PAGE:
tea, various types of sandwiches, soups, wraps, chips/fries, sauces,
burgers, pastries, smoothies, porridge, fruit juices, salads. Moreover,
there is an indication on whether the person is commenting on the
food/drinks for take-away, or on the ‘eat-in’ experience in the
‘Munchies’ sandwich bars. Some of the reviews contain a reference to
the fact that they are frequenting the ‘Munchies’ establishments. Some
of the reviews feature a photograph showing a sandwich served for
consumption, or a take-out coffee/tea cup bearing the same sign as
shown above.
In addition, the Opposition Division notes that, in the observations accompanying the
evidence, the opponent provides data on the annual turnover of goods sold and
services provided under the ‘Munchies’ trade mark from 2009 to 2015 (expressed in
several million Euro each year) and the data on advertising and promotion activities
in the same period (expressed in several thousand Euro each year).
Assessment of the evidence
The applicant argues that not all the items of evidence indicate genuine use in terms
of time, place, extent, nature and use of the goods and services for which the earlier
marks are registered.
The applicant’s argument is based on an individual assessment of each item of
evidence regarding all the relevant factors. However, when assessing genuine use,
the Opposition Division must consider the evidence in its entirety. Even if some
relevant factors are lacking in some items of evidence, the combination of all the
relevant factors in all the items of evidence may still indicate genuine use.
The applicant also criticises the turnover data provided as a mere statement in the
opponent’s observations. As far as the probative value of this document is
concerned, statements drawn up by the interested parties themselves or their
employees or legal representatives are generally given less weight than independent
evidence. This is because the perception of the party involved in the dispute may be
more or less affected by its personal interests in the matter.
However, this does not mean that such statements do not have any probative value
at all.
The final outcome depends on the overall assessment of the evidence in the
particular case. This is because, in general, further evidence is necessary to
establish use, since such statements have to be considered as having less probative
value than physical evidence (labels, packaging, etc.) or evidence originating from
independent sources.
Decision on Opposition No B 2 532 011 page: 6 of 19
The customer reviews show that the place of use is the Republic of Ireland. This can
be inferred from the addresses of the ‘Munchies’ establishments in several places in
Dublin, the capital of Ireland. Therefore, the evidence relates to the relevant territory.
This evidence is supported by the screenshots from the opponent’s website that list
several locations in Dublin and has the Irish top-level domain (.ie).
Although some of the evidence (such as the press articles that are from 1998, 2002
or 2006) reflect events that took place long before the relevant timeframe which runs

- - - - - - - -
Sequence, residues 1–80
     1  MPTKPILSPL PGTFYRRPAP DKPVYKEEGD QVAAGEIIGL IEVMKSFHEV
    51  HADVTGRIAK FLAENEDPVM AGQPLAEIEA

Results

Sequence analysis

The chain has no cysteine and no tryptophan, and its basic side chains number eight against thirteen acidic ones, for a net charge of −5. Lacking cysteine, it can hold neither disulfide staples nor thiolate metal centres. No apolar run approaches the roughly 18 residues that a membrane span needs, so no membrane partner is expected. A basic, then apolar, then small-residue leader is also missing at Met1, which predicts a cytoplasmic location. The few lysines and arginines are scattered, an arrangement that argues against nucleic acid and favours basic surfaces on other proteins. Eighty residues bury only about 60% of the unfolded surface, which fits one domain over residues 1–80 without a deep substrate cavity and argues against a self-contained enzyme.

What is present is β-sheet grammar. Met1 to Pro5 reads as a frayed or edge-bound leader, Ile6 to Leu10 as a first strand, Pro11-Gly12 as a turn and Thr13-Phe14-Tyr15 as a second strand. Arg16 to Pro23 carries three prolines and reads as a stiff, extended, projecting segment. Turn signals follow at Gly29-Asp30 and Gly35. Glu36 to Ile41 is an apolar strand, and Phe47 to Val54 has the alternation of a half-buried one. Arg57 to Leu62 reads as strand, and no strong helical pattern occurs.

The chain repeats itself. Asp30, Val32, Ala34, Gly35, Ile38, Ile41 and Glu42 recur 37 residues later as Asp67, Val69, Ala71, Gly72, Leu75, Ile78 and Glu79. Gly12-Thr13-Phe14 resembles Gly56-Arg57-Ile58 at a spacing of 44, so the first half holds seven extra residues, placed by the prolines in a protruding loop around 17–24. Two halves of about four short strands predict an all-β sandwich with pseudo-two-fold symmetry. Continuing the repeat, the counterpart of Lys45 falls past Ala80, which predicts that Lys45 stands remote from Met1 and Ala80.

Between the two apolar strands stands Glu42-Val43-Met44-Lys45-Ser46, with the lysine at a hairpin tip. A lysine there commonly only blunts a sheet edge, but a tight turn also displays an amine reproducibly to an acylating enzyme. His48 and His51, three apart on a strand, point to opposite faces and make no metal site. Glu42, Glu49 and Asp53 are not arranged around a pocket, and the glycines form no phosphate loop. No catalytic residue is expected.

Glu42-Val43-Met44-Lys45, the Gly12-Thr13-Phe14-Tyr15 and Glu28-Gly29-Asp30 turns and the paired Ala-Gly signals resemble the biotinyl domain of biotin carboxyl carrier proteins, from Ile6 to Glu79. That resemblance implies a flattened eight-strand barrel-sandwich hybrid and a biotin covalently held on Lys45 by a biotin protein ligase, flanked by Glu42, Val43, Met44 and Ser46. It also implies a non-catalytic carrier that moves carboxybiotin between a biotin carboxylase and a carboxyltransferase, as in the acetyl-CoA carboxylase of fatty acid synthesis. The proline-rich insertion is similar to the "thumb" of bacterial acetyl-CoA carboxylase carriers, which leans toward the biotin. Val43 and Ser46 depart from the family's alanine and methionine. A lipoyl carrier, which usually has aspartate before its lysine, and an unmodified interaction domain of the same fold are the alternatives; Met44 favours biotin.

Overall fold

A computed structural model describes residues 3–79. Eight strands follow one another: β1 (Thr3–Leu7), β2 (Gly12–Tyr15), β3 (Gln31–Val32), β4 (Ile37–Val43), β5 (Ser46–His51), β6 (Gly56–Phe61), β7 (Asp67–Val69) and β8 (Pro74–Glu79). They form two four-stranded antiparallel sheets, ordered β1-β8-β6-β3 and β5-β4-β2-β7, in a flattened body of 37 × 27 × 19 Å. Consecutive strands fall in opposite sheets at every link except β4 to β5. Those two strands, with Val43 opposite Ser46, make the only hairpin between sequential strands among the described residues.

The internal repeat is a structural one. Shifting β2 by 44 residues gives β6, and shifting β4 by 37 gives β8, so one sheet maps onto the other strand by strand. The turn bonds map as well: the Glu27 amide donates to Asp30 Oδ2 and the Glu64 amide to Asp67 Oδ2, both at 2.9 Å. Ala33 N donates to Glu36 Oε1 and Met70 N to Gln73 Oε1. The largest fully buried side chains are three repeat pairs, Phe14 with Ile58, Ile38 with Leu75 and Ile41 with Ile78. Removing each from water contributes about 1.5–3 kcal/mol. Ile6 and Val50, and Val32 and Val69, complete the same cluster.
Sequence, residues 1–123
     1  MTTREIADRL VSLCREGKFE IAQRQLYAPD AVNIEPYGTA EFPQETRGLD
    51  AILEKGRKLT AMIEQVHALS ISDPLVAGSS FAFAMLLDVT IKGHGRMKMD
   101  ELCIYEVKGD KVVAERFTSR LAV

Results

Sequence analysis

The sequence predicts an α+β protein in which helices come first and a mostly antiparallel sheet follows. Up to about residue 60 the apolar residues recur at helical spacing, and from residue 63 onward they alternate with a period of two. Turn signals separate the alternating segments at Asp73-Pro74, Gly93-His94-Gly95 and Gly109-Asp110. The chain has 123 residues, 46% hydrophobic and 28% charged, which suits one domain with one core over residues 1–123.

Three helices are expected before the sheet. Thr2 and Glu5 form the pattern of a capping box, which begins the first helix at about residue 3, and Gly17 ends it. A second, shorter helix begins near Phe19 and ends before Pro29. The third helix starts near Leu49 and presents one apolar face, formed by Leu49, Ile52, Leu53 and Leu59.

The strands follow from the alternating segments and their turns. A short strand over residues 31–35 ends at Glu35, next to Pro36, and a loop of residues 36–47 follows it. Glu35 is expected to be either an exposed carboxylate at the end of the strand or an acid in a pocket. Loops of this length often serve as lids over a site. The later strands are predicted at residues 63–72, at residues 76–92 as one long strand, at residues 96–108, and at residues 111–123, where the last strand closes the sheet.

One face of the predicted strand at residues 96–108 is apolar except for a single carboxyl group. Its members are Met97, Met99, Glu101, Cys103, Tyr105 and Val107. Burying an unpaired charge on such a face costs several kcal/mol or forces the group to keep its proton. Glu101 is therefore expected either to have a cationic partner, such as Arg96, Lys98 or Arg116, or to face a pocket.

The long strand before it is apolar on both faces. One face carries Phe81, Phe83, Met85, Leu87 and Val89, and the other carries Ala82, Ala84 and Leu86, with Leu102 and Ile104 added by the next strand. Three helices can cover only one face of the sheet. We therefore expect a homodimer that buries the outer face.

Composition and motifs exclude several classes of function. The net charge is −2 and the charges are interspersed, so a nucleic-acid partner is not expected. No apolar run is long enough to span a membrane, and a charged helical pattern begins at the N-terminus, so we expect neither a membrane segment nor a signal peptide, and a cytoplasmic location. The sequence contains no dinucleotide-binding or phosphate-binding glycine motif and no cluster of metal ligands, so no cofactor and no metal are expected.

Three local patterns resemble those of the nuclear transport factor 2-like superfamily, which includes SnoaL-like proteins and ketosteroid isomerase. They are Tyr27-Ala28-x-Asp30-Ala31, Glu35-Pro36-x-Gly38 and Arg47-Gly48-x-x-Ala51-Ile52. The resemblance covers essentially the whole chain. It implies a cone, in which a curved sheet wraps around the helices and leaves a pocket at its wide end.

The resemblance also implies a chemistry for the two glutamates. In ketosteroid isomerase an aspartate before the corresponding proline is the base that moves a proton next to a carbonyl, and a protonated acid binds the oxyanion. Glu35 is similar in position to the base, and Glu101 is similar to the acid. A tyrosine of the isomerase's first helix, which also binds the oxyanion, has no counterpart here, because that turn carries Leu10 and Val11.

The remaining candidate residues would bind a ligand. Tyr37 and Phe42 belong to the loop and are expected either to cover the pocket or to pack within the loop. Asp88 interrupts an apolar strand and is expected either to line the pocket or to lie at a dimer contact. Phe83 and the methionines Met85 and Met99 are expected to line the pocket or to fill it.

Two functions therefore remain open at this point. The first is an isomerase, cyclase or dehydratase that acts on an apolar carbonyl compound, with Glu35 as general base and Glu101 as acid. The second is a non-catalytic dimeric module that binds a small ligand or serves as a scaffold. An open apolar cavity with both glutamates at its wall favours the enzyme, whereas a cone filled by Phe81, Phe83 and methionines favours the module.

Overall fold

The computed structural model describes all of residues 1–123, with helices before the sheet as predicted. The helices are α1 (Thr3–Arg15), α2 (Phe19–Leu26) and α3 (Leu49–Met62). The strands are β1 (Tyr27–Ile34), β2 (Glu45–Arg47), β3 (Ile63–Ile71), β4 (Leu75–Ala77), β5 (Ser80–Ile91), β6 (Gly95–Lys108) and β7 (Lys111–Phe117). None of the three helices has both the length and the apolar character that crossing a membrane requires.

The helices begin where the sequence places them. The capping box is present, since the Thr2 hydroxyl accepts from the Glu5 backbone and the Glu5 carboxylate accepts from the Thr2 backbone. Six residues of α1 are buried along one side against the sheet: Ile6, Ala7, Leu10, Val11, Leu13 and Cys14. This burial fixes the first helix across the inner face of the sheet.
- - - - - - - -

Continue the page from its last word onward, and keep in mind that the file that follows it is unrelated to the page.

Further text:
from 02/03/2010 to 01/03/2015, and even though the material from the opponents
website, the copies of the menu or the promotional panel are undated, there are
sufficient indications of use dated well within the relevant time period provided in
other items of the evidence. More specifically, 25 out of 35 customer reviews are
dated from 10/05/2010 to 04/01/2015. As regards the undated evidence, it can still
serve for the purposes of showing other factors, for example nature of use.
As regards the extent of use, all the relevant facts and circumstances must be taken
into account, including the nature of the relevant goods or services and the
characteristics of the market concerned, the territorial extent of use, and its
commercial volume, duration and frequency.
The assessment of genuine use entails a degree of interdependence between the
factors taken into account. Thus, the fact that commercial volume achieved under the
mark was not high may be offset by the fact that use of the mark was extensive or
very regular, and vice versa. Likewise, the territorial scope of the use is only one of
several factors to be taken into account, so that a limited territorial scope of use can
be counteracted by a more significant volume or duration of use.
The customer reviews, viewed in conjunction with the turnover figures, provide the
Opposition Division with sufficient information concerning the commercial volume, the
territorial scope, the duration, and the frequency of use. The customer feedback
provided by different individuals on the TripAdvisor and Yelp websites constitutes
evidence emanating from independent sources and has high probative value. The
fact that in 25 instances within the relevant period consumers expressed their opinion
(praise or criticism) about several food establishments in Dublin demonstrates that
the opponent’s use of the ‘Munchies’ marks was such as to maintain an outlet for the
goods and services, ranging from certain foodstuffs offered for take-away or for
delivery at home or office, to the provision of food and drink in sandwich bars. The
use was not merely token. On the contrary, the use of the ‘Munchies’ marks was such
as to reach a commercial extent. Moreover, the evidence leaves no room for doubt
that the use was public and outward.
The distribution of the customer reviews over each year of the relevant time period is